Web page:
Hop on these Easter wines
April 6th, 2012
03:00 PM ET
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Ray Isle (@islewine on Twitter) is Food & Wine's executive wine editor. We trust his every cork pop and decant – and the man can sniff out a bargain to boot. Take it away, Ray.

We all have special memories of Easter. For me, it’s running through the playground on a balmy day in Houston, hunting for brightly colored eggs, all the giddy happiness of childhood fizzing through my seven-year-old brain. For my brother, oddly enough, it was having nightmares about the Easter Bunny, who appeared in his dreams as a seven-foot rabbit with huge fangs.

Such, such were the joys. (He turned out fine, in case you’re curious.) Regardless, certain foods are distinctly associated with this holiday, whether for secular or religious reasons, and so here are a few quick suggestions of what wines might best accompany them.

Eggs in general are an Easter tradition - a symbol of new life, as well as a food traditionally banned during Lent, then eaten during an Easter feast. There are more options than colored hard-boiled eggs, though. Brodetto pasquale, a Roman Easter soup, is a delicious beef-lamb broth brightened by marjoram and lemon and thickened with egg. It isn’t that heavy and it comes at the start of the meal, so a crisp white is an ideal choice. Frascati, a staple of casual Roman trattorias, would be ideal. The 2010 Fontana Candida ($9) is easy-drinking and pleasant; the same winery’s 2009 Luna Mater bottling ($22) is a standout.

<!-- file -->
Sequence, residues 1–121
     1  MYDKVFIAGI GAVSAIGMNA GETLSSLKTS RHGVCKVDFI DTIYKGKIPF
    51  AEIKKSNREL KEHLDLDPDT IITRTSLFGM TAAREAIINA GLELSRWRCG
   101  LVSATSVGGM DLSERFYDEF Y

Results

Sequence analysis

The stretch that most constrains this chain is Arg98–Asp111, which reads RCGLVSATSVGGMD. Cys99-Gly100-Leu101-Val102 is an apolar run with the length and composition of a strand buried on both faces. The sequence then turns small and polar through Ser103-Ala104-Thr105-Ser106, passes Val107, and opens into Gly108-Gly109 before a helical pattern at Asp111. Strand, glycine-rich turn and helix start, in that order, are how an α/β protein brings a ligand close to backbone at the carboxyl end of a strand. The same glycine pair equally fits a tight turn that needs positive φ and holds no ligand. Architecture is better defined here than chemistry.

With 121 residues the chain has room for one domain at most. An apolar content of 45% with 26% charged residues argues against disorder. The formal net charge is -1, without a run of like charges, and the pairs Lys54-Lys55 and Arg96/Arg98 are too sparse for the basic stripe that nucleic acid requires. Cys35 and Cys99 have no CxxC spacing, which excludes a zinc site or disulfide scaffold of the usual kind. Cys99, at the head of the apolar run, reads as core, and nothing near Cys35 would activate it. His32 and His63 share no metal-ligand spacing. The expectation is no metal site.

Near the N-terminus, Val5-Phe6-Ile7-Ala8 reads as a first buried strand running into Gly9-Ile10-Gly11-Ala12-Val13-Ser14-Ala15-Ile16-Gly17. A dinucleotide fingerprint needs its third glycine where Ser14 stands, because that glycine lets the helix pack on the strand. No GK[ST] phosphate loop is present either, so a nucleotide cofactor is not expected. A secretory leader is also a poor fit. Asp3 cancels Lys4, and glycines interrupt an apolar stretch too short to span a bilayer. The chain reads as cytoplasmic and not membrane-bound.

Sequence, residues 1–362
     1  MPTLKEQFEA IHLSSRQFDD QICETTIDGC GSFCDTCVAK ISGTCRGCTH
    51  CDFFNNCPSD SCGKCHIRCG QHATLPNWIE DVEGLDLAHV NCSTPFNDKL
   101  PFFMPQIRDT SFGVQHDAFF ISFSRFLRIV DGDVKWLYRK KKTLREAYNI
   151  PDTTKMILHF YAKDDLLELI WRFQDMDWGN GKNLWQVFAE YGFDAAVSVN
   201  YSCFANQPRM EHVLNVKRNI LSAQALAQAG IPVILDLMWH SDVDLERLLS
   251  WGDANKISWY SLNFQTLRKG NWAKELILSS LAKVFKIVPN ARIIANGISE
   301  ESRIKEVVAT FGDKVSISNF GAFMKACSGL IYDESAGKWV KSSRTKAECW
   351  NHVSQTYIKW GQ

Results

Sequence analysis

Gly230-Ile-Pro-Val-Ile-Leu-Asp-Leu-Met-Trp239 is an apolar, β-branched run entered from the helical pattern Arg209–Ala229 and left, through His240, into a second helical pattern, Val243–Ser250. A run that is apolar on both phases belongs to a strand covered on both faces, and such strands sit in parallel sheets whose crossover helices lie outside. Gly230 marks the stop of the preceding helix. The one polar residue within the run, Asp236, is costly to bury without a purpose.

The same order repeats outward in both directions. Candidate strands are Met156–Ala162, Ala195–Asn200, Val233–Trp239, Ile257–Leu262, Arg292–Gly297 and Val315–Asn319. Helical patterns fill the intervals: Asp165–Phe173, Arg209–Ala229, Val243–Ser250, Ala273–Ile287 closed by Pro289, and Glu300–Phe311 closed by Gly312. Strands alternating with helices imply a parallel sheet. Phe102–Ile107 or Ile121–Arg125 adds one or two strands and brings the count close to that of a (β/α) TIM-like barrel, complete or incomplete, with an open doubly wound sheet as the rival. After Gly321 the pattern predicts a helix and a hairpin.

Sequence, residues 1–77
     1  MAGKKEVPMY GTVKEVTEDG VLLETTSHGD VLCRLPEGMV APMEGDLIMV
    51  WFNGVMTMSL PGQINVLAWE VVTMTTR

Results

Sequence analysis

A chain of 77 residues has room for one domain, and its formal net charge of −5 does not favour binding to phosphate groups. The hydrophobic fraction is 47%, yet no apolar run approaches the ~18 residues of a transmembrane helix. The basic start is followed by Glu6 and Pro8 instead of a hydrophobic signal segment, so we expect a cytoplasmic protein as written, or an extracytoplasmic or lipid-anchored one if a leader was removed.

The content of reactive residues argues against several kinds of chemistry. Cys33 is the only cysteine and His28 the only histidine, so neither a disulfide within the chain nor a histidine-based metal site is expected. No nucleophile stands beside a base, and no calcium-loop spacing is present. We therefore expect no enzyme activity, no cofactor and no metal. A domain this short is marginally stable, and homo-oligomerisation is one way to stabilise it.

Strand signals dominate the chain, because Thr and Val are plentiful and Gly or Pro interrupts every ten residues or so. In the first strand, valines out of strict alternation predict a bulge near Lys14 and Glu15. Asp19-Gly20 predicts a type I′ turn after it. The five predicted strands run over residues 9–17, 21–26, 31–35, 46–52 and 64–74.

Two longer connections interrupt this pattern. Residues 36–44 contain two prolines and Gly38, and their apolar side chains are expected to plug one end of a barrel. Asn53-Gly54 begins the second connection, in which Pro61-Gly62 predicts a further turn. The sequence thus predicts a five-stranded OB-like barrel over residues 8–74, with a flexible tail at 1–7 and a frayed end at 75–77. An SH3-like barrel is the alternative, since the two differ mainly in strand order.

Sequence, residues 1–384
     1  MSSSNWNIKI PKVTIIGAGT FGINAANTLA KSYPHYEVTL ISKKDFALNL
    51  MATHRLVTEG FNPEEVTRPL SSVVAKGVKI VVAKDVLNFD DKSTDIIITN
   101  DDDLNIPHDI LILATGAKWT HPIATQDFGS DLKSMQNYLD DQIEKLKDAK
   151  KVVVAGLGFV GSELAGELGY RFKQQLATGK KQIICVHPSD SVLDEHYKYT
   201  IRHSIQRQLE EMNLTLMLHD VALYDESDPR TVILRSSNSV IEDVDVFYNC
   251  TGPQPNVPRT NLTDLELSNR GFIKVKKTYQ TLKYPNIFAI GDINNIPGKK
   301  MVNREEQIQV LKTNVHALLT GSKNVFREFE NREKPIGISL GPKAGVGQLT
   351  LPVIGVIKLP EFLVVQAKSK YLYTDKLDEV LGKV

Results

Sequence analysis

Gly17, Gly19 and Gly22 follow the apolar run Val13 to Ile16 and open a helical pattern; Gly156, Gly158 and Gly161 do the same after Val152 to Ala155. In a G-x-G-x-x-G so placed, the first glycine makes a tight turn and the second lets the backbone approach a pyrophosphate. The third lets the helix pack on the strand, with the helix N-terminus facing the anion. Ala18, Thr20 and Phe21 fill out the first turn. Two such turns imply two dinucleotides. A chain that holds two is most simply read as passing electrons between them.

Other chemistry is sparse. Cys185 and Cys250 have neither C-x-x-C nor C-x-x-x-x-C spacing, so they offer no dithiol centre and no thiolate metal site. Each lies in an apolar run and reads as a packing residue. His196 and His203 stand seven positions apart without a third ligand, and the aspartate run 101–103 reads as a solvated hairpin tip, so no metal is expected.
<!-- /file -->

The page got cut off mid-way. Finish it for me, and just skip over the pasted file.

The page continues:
Whether it comes from the notion that hams once put away to cure in the fall were ready by spring or from a simple “Well, ham sure tasted good at Christmas, let’s have one at Easter, too” inspiration, there’s no question that Easter is good times for ham salesmen. The key with ham and wine is salt - salt tends to intensify tannins, so if you want red, go for a lighter wine. Pinot Noir is a good choice, like the lively 2010 Pinot Project Pinot Noir ($14) or the berry-scented 2009 A to Z ($19), as is a lighter Italian red, such as the cherry-inflected 2009 Col D’Orcia Rosso di Montalcino ($24).

There are a number of cultural and religious reasons why lamb is a classic Easter dish, and there’s a basic culinary reason, too, which is that roast lamb tastes great. (I fully admit to bias - I love lamb.) Personally, I’m a fan of marinating a butterflied leg in Greek yogurt, sliced garlic and chopped rosemary and then slapping it on the grill, but no matter how it’s prepared, lamb loves red wine. It particularly loves Syrah - the roasted meat and pepper notes of the wine taste great with lamb’s gamey intensity. Look for the ripe 2008 Andrew Murray Tous les Jours ($16) from California, the smoky 2009 Yalumba Y Series Shiraz ($13) from Australia (Shiraz and Syrah are the same grape) or the peppery 2009 Delas Freres Côtes du Rhône Les Esprit ($15), which adds a bit of Grenache, Carignan and Mourvèdre to its blend.

Peeps with wine? Come on. Everyone knows that Peeps go best with beer.

More from Food & Wine:

Easter Desserts

Lamb Recipes

Egg Recipes

Best Breakfast Sandwiches in the U.S.

Easter Recipes

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Filed under: Bite • Content Partner • Easter • Food and Wine • Holidays • Sip • Wine

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